Sports’ Most Absurd Nepotism Charade Has Ended

News report: Three key players received huge punishment to their……

The saga should stand forever as an example of how powerful coaches can often do whatever they want.

The most farcical story in college sports has, for a few years now, been unfolding on the football coaching staff at the University of The head coach, one of the best in the country, is Kirk Ferentz. Under Ferentz, Iowa has the best defense in college football, led by stalwart coordinator Phil Parker.

And it has the most consistently great special teams in the sport, too, under the leadership of another dependable coordinator, LeVar Woods. And yet Iowa has been just OK (though sometimes better than that) because it has the most painfully bad offense in the sport to pair with its two elite units. The offense has been bad for a lot of reasons, including that Kirk Ferentz has less than zero interest in modernizing it to look like what other teams now field. But the lowest-hanging fruit has been a staffing issue: The guy running the offense, to disastrous results for half a decade, has been Ferentz’s own offspring, Brian.

By results, Brian Ferentz has been the worst offensive coordinator in college football, but he’s retained a job making nearly $1 million a year to lead an offense at a Big Ten program for his dad. Exasperated Iowa fans have called for, even chanted for, his firing for years. Media members have made the whole story into a joke, treating Iowa—which is elite in two of the game’s three phases—as a circus, because the team’s nepo-baby offensive coordinator has floundered for so long.

Iowa announced on Monday that it will pull the plug on this charade at season’s end. Brian Ferentz will cease to be Iowa’s offensive coordinator after the team’s bowl game, and the program can at least gesture in the direction of putting a competent offense on the field to supplement its world-beaters on the other sides of the ball. Fans will have something new to chant about, reporters will have something new to write stories about, and Iowa will at least have a puncher’s chance to produce a better offense. But the Ferentzes should stand up forever as an example of how powerful coaches can often do whatever they want if administrators enable them, and how athletic programs can become self-dealing platforms, and how one program can create such gore and beauty at the same time.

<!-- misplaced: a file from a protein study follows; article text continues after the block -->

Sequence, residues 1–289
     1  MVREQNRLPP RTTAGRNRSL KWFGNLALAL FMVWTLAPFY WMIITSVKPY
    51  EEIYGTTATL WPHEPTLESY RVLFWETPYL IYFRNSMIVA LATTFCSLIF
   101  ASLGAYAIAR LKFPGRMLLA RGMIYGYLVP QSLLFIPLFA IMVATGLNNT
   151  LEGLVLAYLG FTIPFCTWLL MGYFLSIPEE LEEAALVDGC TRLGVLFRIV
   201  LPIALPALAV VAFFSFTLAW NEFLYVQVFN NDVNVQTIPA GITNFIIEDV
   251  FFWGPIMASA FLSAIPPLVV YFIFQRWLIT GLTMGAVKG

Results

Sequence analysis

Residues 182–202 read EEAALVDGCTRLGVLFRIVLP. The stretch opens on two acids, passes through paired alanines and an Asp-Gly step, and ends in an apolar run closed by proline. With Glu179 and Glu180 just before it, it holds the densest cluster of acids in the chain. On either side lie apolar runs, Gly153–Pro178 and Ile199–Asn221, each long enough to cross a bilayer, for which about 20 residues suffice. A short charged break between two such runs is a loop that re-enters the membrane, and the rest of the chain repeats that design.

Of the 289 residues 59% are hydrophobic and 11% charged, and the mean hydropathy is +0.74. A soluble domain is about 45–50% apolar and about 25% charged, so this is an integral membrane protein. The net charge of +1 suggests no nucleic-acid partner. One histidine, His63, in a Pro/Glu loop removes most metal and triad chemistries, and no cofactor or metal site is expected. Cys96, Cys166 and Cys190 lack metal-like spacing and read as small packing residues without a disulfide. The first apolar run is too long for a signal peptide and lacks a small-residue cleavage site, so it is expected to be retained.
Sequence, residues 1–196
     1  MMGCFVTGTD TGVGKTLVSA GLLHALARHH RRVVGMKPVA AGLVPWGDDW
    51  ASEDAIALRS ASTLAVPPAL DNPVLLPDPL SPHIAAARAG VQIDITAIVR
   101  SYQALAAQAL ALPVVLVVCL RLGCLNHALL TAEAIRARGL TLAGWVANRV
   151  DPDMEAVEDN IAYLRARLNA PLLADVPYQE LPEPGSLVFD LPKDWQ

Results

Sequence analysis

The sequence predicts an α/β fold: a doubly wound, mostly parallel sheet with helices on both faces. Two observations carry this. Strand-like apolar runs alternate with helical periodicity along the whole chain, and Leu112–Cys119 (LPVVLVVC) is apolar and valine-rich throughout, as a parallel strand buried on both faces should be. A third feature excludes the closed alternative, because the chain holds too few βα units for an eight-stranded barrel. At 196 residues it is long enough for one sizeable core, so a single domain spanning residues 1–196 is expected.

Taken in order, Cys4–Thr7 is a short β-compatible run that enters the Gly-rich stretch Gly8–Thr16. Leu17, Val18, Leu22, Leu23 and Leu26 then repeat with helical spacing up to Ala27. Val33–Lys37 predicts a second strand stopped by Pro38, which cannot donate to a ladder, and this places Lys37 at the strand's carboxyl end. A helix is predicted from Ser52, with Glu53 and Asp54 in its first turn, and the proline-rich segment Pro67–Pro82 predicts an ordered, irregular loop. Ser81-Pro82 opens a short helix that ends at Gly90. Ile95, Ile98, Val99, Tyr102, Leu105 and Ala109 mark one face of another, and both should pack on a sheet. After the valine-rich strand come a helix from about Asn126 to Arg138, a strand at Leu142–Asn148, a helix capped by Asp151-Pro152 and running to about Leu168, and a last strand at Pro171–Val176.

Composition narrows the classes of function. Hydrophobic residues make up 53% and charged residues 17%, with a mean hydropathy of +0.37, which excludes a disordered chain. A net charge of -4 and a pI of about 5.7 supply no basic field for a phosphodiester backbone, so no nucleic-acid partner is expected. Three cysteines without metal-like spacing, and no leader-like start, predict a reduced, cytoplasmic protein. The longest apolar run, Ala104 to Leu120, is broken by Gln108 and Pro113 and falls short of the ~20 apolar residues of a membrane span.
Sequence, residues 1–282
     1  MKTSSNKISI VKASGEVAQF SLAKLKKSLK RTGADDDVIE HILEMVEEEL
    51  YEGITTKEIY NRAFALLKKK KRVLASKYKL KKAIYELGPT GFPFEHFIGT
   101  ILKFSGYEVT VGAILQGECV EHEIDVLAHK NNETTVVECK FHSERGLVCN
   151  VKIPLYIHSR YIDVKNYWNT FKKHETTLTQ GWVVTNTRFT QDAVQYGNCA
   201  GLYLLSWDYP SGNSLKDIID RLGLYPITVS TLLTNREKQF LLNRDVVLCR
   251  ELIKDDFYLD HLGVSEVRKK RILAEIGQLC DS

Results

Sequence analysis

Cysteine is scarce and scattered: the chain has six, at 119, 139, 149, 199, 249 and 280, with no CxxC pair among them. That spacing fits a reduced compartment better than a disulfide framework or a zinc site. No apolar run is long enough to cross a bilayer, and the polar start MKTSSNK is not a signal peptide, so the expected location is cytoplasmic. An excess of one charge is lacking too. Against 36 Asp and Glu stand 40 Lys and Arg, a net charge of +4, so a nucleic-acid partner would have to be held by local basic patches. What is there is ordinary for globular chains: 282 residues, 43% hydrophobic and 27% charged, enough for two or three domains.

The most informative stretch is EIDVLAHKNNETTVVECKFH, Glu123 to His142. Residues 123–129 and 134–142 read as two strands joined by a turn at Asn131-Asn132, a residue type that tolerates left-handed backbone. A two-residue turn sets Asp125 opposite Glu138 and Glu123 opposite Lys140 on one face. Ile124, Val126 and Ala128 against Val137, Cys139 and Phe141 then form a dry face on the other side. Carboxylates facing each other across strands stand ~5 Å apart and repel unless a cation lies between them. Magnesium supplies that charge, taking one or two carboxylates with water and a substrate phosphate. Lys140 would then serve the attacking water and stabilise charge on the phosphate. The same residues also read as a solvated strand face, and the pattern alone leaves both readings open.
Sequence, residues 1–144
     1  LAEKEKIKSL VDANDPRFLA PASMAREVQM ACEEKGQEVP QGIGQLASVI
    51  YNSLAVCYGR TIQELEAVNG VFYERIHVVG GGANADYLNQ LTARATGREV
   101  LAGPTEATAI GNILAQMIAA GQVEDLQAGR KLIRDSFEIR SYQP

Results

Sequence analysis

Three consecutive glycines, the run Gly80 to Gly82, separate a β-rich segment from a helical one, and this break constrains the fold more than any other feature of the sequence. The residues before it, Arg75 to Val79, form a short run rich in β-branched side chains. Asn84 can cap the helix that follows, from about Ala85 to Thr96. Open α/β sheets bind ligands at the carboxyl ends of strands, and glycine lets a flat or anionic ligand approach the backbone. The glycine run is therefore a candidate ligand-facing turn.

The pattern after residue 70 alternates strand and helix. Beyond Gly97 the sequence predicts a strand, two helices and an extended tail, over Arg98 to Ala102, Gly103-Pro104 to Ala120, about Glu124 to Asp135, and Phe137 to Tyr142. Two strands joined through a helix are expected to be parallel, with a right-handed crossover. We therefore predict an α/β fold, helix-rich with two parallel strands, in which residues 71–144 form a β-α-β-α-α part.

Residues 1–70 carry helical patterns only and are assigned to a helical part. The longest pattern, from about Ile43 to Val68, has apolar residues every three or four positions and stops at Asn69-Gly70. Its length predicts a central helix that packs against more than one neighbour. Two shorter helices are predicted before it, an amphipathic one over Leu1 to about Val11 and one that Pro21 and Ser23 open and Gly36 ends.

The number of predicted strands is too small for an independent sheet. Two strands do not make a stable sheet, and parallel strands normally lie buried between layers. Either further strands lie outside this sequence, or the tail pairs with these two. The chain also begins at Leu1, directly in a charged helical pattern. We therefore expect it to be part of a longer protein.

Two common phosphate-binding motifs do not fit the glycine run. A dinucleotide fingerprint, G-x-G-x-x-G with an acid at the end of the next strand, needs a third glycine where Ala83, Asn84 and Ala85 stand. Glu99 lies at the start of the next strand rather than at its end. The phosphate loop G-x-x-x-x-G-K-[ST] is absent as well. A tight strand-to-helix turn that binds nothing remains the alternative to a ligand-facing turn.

The saga of Brian Ferentz, Iowa offensive coordinator, has been a little silly from the start. When he joined up in 2012, Brian told reporters that Kirk Ferentz had recruited him to Iowa’s staff, first as offensive line coach. “You can’t say no to your father,” Brian told reporters. But a father hiring and managing a son would violate school nepotism rules, and Iowa’s former athletic director, Gary Barta, said that it was he who had hired Brian. The athletic director remained Brian’s nominal supervisor, creating a dynamic in which—if Iowa wasn’t just playing a sick joke on its fans—the head coach would not have oversight of the person responsible for his team’s offense. This structure has remained in place, at least on paper, and nobody with power at the University of Iowa has chosen to reckon with its ridiculousness until now. It turns out Iowa’s athletic director can remove a direct report from the football staff. Barta never did, and he retired over the summer. But his successor, Beth Goetz, made the announcement that Brian won’t return.

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